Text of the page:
Olivier Saguez and Boris Gentine at the Manufacture.
Saguez & Partners
Past masters in the art of reinventing the shopping center, Olivier Saguez and his partner Boris Gentine share here their vision of meetings, space, culture ...
Coffee and croissants ...
Like Silicon Valley start-ups, the Design Factory welcomes its "workers" in the morning, with hot coffee and fresh croissants. Olivier Saguez says: "I want the teams to flourish." Proof is, Boris Gentine is a pure product made in Saguez. After climbing all the ladder within the agency, he became creative director. Together, they tell us how they think of shopping centers, and how they help cities and businesses make an identity.
Corners Nespresso and Co
Nespresso corners (around 3,500 worldwide), terminal terminals (S4 at Roissy), shopping centers (Parly 2, So West in the Paris region), there are countless projects completed by the agency. Currently 100,000 m² are under study in France, and from Brazil to China. But the two creators forbid themselves to do international design. "Our work forces us to find identities, to dive into a story," says Olivier Saguez. "In the case of the Nespresso corners, the goal was to reveal in these small spaces and to export to the four corners of the world the legendary Swiss watchmaking precision." It is the same when the agency works on the image of a city, its logo, its graphic charter, its street furniture, its transport.
Do not want to please everyone
For the resort of Chamonix - for which Saguez & Partners won the Top / Com Corporate Business 2013 Design Grand Prix -, "we must go back to its past, the conquest of the Alps, the English epic, the strong presence of granite, the red of the Mont-Blanc-Express train, etc. This is a partial vision, but it is a re-reading necessary to redraw the portrait of a city.Regional design is also referring to the people who live there. We must not look at creating, we must work for users, not for a mayor.It must go to more rooting.Any way, wanting to please everyone, is not to please long, "says -t it.
Refer to the story
Boris Gentine confirms it: "We always refer to the history of the place in our projects." For the renovation of a Danish shopping center, totally impersonal, the agency wanted to recreate a history, by implanting typically Scandinavian furniture. Similarly, in the shopping center of Parly 2 near Versailles (first created in France in 1969 and rehabilitated by the agency in 2011), some details of architecture and furniture clearly evoke the 1960s, with for example Benches by Charles & Ray Eames. It is also a way to bring a bit of culture to places that have, a priori, only a commercial purpose. History, culture and commerce are always closely linked in their achievements. Olivier Saguez even went so far as to wink at Kasimir Malevich in a Spar supermarket. "Whatever the demand, there are levels below which we do not want to go down, we want to think that people are intelligent, cultivated, intuitive, even if only 2% of them will be sensitive, we will have won We refuse to be scrappy ", proudly assures Olivier Saguez.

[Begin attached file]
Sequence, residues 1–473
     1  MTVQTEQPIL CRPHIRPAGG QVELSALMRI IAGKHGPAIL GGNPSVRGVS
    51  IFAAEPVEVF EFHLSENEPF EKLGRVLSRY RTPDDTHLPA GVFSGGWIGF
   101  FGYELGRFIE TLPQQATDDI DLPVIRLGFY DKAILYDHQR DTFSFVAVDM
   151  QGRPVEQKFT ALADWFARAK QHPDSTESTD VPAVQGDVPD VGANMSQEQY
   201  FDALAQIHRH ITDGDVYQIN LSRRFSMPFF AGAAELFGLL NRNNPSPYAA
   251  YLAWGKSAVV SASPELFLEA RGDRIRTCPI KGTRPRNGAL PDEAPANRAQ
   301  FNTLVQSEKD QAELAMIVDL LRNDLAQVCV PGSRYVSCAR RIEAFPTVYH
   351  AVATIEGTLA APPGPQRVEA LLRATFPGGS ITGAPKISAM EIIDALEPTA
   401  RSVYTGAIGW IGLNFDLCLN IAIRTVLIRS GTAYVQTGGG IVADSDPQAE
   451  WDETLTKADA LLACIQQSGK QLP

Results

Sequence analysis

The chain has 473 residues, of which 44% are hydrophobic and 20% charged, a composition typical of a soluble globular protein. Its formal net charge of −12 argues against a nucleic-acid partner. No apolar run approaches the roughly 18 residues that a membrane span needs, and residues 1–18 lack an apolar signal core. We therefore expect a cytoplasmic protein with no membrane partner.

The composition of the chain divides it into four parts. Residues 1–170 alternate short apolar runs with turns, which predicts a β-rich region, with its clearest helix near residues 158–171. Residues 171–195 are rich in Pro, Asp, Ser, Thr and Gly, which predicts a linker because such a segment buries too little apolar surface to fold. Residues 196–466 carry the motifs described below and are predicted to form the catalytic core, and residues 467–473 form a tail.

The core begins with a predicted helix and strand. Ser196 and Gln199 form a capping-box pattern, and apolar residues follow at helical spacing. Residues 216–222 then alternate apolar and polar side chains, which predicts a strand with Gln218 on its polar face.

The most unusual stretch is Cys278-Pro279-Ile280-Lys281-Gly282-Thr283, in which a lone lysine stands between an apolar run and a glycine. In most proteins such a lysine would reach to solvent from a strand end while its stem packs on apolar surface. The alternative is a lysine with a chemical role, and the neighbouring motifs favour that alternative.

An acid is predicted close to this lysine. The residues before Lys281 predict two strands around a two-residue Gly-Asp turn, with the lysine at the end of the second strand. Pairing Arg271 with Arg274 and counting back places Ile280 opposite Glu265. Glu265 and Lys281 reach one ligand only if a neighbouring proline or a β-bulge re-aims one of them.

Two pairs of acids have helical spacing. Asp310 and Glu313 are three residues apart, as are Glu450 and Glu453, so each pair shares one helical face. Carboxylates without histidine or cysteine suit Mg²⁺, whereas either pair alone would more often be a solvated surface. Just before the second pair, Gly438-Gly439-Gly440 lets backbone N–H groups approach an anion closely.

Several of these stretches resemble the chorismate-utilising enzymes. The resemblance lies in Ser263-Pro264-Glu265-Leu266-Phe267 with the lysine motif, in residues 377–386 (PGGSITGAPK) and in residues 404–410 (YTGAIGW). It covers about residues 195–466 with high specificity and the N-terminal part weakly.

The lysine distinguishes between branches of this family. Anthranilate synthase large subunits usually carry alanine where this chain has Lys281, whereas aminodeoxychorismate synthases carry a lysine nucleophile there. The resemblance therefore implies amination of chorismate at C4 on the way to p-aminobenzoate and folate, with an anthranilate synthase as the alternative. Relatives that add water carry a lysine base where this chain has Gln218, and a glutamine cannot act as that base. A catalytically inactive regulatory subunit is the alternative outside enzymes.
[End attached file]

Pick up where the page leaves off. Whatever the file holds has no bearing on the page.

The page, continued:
That the customer consumes without realizing it
Saguez & Partners wants customers to consume (almost) without realizing it. "Do not give the feeling of attracting them into a trap, especially by offering them a little culture, and a lot of space," says Boris Gentine. "It's a real challenge to leave a void, and it can not be filled! We design green spaces, large alleys, and we cover walls with rough materials so they can not be polluted by unwanted display. " "These are moments of pause that give a general impression of well-being, as when we decide not to watch TV during the holidays," adds Olivier Saguez.
The shopping center of pleasure
"We are also trying to bring in the outside light, to move away from the idea of a commercial circuit." Before, it emanated no notion of the pleasure of the time reserved for the races. We must accept that a person who goes to a shopping center will not necessarily go through the act of purchase, whether they are there just for fun, for a walk, to have a coffee, to meet someone. commercial place is to provoke these meetings, to think behaviors before aesthetics.And it also passes through the furniture.It must generate contact, with conversation benches, ramps, armrests, etc. ". As for example in the context of the current rehabilitation of TGV, where the agency has imagined a rounded bench in the lower room and another swivel at the bar to promote rapprochement. "Before thinking about the furniture itself, I imagine the scenes of people on it, the moments of life," says Olivier Saguez.
Invite the luxury sector
"The shopping centers are managed by a single operator, everything is easily manageable," explains Mr. Saguez "We can offer a real comfort of purchase by removing all microstress.We work a lot on parking, maintenance, sanitary, spaces for babies and children, etc. Services that are not found in the city center.The more they will be completed, the more they will also seduce the luxury sector which will approach this way of consuming, as we see in Asia or the United States. "
Compete with e-commerce
If shopping becomes a pleasure, shopping centers will certainly be able to cope with the success of online sales. "These new shopping centers allow customers to come out of the screens - they can touch, try, meet." Out of the question therefore to imagine a place with touch screens or other gadgets. "We already have virtual full pockets!" Indignant Olivier Saguez. The new technologies must, of course, be integrated into these new commercial places, but in the greatest discretion, only in order to bring a real service to the customer, and to further promote this pleasure shopping.